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My passions led me to study Fashion Design, where I obtained my degree in hopes of doing costume design or vintage inspired clothing.  And now, as you all know, I have a sewing pattern line inspired by vintage originals.

I’ve studied vintage fashion since I was 14 years old.  My mom would drop me off at a community college, where I’d research off of old microfilm all the original periodicals of the New York Times, and pour over reference books- making sketches and taking notes.  I started collecting vintage clothing around this time, too.  I’m thirty three at present- making it nearly twenty years since I found my passion.

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Along the way I’ve done custom design work.  I’ve worked doing independent film as a stylist or designer.  I’ve worked in costume shops for theaters like the La Jolla Playhouse and the San Diego Opera as a stitcher and First Hand.  I’ve applied my school training and my personal study to home sewing patterns, making it so new people can discover old styles for themselves.

But my real passion is, and always has been, to be a designer.

That is why, after five years of making Wearing History Patterns, that I’ve felt like my combined experience from all the avenues I’ve walked along to get to this point, are pointing me towards finally trying to fulfill my true dream- to launch my own line of ready to wear clothing inspired by original historical fashions, especially of the 1930s through 1950s.

I have been waiting- like a caterpillar morphing into a butterfly. It has been so hard to be patient.  But I truly feel like all things are pointing towards my ultimate goal- that God has really given me a passion and purpose and the talent and desire for a reason.  I feel like this is what my future is supposed to be.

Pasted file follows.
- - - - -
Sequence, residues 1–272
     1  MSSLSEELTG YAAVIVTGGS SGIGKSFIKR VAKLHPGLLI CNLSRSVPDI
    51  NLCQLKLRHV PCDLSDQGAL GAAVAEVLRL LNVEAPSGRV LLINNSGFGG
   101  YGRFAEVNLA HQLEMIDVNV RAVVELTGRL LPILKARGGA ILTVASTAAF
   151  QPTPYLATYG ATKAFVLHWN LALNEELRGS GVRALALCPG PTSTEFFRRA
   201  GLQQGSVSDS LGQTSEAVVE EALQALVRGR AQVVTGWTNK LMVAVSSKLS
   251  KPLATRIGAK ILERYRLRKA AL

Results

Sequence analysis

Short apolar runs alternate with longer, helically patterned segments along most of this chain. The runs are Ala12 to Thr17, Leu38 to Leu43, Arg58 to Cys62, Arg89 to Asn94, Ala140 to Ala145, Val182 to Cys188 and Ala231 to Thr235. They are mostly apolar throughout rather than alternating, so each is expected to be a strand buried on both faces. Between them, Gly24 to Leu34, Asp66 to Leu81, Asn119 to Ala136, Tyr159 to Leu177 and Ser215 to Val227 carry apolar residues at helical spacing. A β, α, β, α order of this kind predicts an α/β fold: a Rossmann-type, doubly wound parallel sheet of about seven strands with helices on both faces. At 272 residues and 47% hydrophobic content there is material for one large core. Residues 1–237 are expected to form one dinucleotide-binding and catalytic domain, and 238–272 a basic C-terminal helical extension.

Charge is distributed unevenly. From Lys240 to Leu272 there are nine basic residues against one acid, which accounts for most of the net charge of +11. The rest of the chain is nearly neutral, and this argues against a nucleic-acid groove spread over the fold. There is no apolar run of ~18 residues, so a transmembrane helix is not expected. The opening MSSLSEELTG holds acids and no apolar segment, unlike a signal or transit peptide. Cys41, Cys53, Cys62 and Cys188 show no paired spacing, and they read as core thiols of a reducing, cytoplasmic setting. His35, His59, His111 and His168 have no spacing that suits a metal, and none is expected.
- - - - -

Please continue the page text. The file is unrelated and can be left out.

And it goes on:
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Have you ever poured over old catalogs and wished you could buy the clothing in them?  Have you scoured for the original vintage clothing in those styles, only to find them either damaged, delicate, or in the wrong size?  Wouldn’t it be wonderful if they could make a comeback?

I think by now you all know my aesthetic and fashion and what to expect from me and my work- I adore original period fashions.  But my heart is taking those fashions and sourcing the fabric trims, and fit to make them unique and new but still true to the era in which they originated.

My dream is to make vintage inspired clothing that can be worn every day.  Clothing you don’t have to save for a “special occasion.”  Clothing that makes you happy, and blends in to everyday life, but still reminds us that there’s no reason that “people had to dress better back then”.  We can embrace it now!

I am so passionate, it’s hard to put this into words- I wish I could just hand you what I feel and know in a little bottle, so you could understand more clearly.  But that is what I really hope to do in the future, in term of clothing delivered to you, designed by me.

I’m passionate about the garment industry’s revival here in the United States.  For that reason, I have sourced and spoken to and toured a local place here that is family owned and creates job in my local community.  I have toured the facility, talked at length with them about my vision and shown them examples of my work.  They are as excited as I am.  I am excited about supporting a true local industry that is living up to all requirements and regulations here in our country.  I want to do this right, and I want to make sure what I give to you is something I ethically believe in, because I believe in production in the United States.

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Here’s when it comes down to brass tacks- I am currently getting my garment credentials to pursue this in my state (which has regulations that many states in the US do not have).  I want to make sure this is done RIGHT.  In the upcoming month or two, expect to see a lot of questions from me, as well as updates of this process.  I have passion and vision, but it’s ultimately up to you, my blog readers, friends, and customers, to make this work and survive.  I’m putting my dream out there, I’m putting my talents to where I feel they were meant to be, but ultimately if it’s not what YOU want or need, it’s not going to happen.

When I’ve got my collection finalized, I’ll be linking to my campaign on Kickstarter.  All the details are yet to be configured on details of that- but our community will decide if this is a viable dream- if you believe in it, it will happen.

I am so blessed by all of you.  I hope you know how much I appreciate all the love and support I’ve gotten from you over the years.  I am so excited for this new chapter, and I hope you are, too!

Lots of love,

Lauren

Finished Project: 1002 Nights Poiret Dress

I have just finished up my Poiret inspired dress!

Paul Poiret is one of my fashion design icons.  Making a dress that paid homage to him was really fun!